This means that the dormant winter season is the best time to prune your tree. Dormant trees don’t have the same vulnerability to diseases and pests when cuts are made into the bark. This means that arborists can more safely prune a tree thoroughly, ensuring that every part of it is pruned without the worry of infestation.
Prepare For Spring
Another benefit of pruning in the winter? It’s the best time to reshape and redesign your tree! As your trees become naked of leaves during the winter months, they become easier to handle and observe.
If your tree has any present defects or strange or out of place branches, a professional arborist can more easily spot these problems while the tree is dormant. By pruning the tree thoroughly during the winter, you ensure that your tree is on schedule to grow nice, attractive, and healthy by the time spring rolls around.
Tip: The rest of your garden is also less sensitive to the foot traffic of arborists during the wintertime, making this the truly ideal time to schedule your tree pruning.
Safety And Maintenance
The winter months can lead to unusual weather. Strong storms can be rough on your trees, making large and overarching branches more dangerous than they usually are.
These branches need to be dealt with before a serious incident occurs. For example, a single storm could turn your branches into driveway and sidewalk obstructions or even cause major property damage to your home and surrounding property. There is also the possibility of knocking down power lines if you aren’t careful with your branches.
Timing and Expertise
Different types of trees have different needs. For example, some trees need before trimming and pruning (early bloomers); other trees end up oozing sap if they are pruned too late in the winter season.
There are many ways different species of trees can react to different times of the year, and knowing these differences is key towards pruning your trees the right way. If you are unsure about the way to handle your specific trees, then it’s probably best to hire an arborist on your team with the expertise and knowledge of timing and more.
Tree Care Over The Winter Months
Neglecting the health of your trees during the long winter months is a sure-fire way to kill off their chances of healthy growth throughout the rest of the year. Winter tree care keeps your trees strong through winter, protects them from the tough conditions and sets them up with the best chances for success for those warmer months.
This guide will take you through the best strategies for taking care of your trees in Winter. We look at why Winter is a great time to get on top of tree maintenance, plus we explore the hidden benefits of taking action while everyone else is hibernating.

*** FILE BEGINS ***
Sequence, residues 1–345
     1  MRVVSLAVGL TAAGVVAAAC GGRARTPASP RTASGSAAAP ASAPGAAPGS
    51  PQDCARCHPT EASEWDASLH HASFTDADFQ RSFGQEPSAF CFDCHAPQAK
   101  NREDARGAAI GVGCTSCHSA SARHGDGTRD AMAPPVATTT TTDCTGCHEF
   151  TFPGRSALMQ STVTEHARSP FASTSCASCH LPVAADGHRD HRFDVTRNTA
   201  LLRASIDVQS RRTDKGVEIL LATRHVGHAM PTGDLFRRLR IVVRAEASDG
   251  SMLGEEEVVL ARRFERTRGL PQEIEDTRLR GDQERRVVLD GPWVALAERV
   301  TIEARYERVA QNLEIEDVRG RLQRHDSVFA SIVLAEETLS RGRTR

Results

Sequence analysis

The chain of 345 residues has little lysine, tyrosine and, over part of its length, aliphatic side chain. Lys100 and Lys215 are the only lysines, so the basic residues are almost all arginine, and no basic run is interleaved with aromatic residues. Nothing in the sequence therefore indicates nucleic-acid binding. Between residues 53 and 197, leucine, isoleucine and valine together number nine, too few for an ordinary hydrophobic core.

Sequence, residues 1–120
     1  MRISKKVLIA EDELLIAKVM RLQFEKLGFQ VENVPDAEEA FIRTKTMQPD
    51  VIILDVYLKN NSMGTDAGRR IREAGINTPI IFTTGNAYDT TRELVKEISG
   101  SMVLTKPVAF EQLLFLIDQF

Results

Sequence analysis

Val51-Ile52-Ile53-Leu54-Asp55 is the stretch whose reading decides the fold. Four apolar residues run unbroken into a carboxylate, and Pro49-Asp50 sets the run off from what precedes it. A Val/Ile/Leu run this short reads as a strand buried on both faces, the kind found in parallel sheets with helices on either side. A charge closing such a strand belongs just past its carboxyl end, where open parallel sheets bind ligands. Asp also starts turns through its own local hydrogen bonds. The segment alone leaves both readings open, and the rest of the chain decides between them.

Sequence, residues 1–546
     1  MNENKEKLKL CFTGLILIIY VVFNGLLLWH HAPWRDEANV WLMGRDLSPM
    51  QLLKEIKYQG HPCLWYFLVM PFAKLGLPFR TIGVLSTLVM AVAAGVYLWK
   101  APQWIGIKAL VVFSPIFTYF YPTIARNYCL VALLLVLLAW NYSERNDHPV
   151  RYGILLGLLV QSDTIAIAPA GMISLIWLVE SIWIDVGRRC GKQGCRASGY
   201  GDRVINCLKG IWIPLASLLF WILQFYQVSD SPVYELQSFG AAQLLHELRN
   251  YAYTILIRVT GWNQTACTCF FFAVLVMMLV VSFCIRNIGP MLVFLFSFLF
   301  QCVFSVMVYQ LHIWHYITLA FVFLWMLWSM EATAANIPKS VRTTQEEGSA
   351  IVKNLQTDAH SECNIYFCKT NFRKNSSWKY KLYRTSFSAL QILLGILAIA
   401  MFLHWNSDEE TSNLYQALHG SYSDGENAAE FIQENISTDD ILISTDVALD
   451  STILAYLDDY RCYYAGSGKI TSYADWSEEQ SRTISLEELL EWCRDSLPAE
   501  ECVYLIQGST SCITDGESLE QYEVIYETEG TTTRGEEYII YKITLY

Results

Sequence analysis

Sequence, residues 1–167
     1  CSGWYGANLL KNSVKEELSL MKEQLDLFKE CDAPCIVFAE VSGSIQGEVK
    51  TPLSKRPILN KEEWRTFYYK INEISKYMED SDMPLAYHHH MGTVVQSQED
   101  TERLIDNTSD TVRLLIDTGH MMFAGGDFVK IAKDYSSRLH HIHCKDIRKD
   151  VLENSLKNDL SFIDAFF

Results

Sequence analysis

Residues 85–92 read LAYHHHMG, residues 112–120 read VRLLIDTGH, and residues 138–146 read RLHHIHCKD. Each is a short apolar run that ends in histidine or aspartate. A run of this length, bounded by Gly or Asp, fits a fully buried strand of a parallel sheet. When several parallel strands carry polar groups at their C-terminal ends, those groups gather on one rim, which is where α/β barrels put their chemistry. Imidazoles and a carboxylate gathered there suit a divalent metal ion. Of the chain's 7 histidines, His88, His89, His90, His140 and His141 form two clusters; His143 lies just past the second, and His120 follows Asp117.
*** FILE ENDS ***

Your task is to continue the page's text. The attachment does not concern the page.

The Winter Cut
Winter is an ideal time to get on top of your trees’ pruning schedule. A regular pruning schedule is important for keeping your tree healthy, happy, vibrant and growing strong. However, many people neglect this task with the onset of the cold climate. Our arborists say that pruning during Winter actually has a number of advantages:
First of all, without all of the excess foliage, it is far easier to be precise and accurate when pruning. The absence of leaves allows for quicker identification of healthy branch structures, enabling a tree surgeon to navigate the tree better and determine which parts should be trimmed, lopped or left.
Pruning and lopping during Winter reduce risk in two distinct ways. Firstly it removes dead and dying branches, which pose a threat to safety during high winds or storms. Secondly, pruning during winter has less chance of attracting insects with disease, bacteria or fungi that can cause nightmares for your trees and plants. Therefore winter pruning can help to make you and your trees safer.
Trimming your trees during the coldest months of the year places less stress on the tree than at other times of the year. By getting on top of your tree care in Winter, the tree has time to recover and begin growing by the time the sun is out, and spring is in bloom.
In addition, pruning during winter can remove the shade from your property and enable more sunlight to reach the rest of your plants. This can help the rest of your garden to weather the cold and prepare for the prosperous months.
The Cost of Frost
While there are a number of advantages to pruning during Winter, it’s also important to put in place strategies to protect your trees from the bitter cold. Our professional arborists have plenty of experience in protecting trees from the elements. Here are their top tips:
Protect the weak
If you have young saplings, delicate trees or potted plants, get them ready for the frost. Freezing temperatures can badly damage your tree’s shoots, leaves, and core, affecting their ability to grow and fight off disease. Protect these by bringing them inside if you can or covering them to the ground with sheets/tarps that trap the warmth during the night.
Mulching helps to regulate the moisture levels and temperature of the soil and your trees. Cover the base and roots of your trees with 5-10cm of fresh wood chip mulch to help them retain warmth even during the coldest parts of the month.
Keep the fluids up
Keep watering your trees during winter, especially if there has been no rain. Young saplings should be watered every week or two, while more mature trees should be watered every month or two.